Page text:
In Malawi, buyers inspect burley tobacco on the Lilongwe auction floor.
Flue-cured: The 2018 Brazil flue-cured crop--which is currently in the field--has been projected at a volume of just under 1.3 billion pounds. That is slightly lower than the 1.37 billion pounds reported for the crop harvested earlier this year, says Blake Brown, N.C. Extension economist. Both crops are/were well above the recent low of 1.01 billion pounds in 2016. The 2017 Zimbabwe crop -- for which marketing ended recently--is estimated to have been 403 million pounds, down from
442 million pounds in 2016. The 2017 average price per pound in Zimbabwe is expected to have been about $1.34 per pound, which is about the same as in 2016. "A stronger Brazi-lian Real and a larger (US) 2017 crop should lead to higher exports for the 2017 crop," he says.
Burley: In Malawi, our strong competitor in burley, international buyers have asked for production of about 375 million kilograms from the 2017/18 crop, according the national Tobacco Control Commission. This is a 10 percent increase from the 2016/17 volume. But that may not be as significant as it sounds: Production fell well short of demand in the season just ended with only 240 million kilograms coming to market against the stated demand of 350 million kilograms. The commission's Chief Executive Officer, David Luka, said, "This 10 percent increase in demand could be a result of the undersupply of tobacco the market experienced in the just-ended season."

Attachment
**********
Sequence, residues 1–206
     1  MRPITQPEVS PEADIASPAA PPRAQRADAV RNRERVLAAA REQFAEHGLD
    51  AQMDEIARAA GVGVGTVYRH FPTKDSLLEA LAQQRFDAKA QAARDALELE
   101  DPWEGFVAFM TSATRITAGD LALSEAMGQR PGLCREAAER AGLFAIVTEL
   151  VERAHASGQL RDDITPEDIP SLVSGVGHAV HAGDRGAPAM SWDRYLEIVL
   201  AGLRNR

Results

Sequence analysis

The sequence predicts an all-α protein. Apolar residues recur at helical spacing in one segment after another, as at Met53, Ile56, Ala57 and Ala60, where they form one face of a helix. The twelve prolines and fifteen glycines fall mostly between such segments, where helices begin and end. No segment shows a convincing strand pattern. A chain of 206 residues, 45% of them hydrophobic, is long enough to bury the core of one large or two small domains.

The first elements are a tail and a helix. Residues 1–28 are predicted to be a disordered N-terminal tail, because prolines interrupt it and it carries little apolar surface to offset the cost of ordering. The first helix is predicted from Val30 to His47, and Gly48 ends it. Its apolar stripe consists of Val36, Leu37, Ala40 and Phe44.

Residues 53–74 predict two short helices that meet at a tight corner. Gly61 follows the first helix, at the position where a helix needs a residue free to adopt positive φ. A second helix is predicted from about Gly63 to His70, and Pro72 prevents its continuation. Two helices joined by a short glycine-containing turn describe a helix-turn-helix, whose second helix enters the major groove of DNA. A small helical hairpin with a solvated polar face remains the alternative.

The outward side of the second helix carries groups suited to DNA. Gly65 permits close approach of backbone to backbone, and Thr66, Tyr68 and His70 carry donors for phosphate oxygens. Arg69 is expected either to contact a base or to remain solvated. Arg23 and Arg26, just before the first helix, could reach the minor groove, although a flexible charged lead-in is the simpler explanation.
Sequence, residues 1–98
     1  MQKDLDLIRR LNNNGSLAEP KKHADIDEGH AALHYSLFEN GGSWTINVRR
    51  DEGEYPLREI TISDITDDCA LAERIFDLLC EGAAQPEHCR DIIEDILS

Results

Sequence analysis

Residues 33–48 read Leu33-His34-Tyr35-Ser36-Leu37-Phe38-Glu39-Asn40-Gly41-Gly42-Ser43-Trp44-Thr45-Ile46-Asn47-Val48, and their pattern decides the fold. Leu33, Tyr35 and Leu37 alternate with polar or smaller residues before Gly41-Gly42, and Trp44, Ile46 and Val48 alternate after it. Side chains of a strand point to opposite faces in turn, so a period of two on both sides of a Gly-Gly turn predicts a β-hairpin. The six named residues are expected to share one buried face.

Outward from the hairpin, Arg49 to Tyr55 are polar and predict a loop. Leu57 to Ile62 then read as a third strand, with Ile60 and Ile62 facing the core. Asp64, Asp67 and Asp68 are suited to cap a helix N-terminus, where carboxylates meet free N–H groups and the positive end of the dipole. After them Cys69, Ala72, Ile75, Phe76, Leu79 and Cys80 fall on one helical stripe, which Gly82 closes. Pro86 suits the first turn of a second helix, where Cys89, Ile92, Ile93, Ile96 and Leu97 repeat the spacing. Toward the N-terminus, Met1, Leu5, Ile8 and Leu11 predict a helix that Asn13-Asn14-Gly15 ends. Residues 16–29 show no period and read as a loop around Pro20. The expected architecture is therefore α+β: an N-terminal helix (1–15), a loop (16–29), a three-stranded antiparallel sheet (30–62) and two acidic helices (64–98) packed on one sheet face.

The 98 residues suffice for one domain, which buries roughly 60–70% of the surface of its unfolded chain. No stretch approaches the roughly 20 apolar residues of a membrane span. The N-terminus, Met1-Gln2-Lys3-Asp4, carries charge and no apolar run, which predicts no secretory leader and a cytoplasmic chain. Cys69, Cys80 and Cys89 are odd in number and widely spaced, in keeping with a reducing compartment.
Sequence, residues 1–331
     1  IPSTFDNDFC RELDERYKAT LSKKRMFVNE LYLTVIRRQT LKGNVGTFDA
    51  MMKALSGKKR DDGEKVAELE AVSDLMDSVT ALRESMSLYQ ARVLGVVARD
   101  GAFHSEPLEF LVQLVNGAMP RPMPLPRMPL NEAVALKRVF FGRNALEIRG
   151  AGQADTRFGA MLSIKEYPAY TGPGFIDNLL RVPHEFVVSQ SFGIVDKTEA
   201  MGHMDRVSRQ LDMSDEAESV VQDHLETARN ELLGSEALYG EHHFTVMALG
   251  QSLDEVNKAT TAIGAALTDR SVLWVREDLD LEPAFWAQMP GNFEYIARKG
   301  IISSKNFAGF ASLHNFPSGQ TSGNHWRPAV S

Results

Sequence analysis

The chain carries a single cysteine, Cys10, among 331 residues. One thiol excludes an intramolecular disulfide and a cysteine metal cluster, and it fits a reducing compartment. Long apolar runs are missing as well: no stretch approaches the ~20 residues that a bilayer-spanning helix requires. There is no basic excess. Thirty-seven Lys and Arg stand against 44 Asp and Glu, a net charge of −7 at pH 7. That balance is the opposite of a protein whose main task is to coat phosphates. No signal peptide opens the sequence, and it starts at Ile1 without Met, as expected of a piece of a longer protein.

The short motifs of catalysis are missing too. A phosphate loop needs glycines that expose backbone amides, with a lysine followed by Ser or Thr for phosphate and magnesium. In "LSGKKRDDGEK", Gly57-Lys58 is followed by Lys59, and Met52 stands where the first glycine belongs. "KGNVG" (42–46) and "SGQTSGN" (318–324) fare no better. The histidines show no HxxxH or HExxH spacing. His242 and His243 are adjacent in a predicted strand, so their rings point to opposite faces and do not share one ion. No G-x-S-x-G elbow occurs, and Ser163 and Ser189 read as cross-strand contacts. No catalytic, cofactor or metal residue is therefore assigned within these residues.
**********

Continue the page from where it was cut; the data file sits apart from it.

The dark types had better luck in harvesting on schedule than flue-cured and burley, but still, some was cut late. In Trigg County, Ky., some fire-cured was still being cut the first week of November. That is risky, says Andy Bailey, Extension dark tobacco specialist. "We usually don't do well with fire-cured that is cut after November 1. There is less chance of good curing weather after that." The rainfall was favorable for most of the dark-producing area in the fall, although there were some heavy rains associated with Hurri-cane Irma, especially around Springfield, Tn., causing some damage.